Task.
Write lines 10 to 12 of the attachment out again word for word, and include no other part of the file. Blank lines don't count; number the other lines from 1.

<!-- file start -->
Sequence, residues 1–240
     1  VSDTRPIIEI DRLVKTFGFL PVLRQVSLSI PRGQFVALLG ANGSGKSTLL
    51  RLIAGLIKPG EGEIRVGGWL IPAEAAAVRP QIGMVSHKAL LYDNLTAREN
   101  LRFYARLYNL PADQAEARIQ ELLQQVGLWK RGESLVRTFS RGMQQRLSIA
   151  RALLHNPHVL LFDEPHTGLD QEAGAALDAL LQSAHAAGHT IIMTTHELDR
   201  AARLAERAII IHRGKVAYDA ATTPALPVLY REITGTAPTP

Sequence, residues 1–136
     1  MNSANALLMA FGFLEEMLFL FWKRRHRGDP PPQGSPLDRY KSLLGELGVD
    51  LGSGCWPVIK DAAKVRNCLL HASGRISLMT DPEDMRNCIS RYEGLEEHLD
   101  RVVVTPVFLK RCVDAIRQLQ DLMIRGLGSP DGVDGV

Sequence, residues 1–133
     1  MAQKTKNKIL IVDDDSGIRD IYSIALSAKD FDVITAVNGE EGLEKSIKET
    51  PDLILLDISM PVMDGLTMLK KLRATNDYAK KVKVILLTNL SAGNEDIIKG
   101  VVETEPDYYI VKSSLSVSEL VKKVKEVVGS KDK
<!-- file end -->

   101  RVVVTPVFLK RCVDAIRQLQ DLMIRGLGSP DGVDGV

Sequence, residues 1–133
     1  MAQKTKNKIL IVDDDSGIRD IYSIALSAKD FDVITAVNGE EGLEKSIKET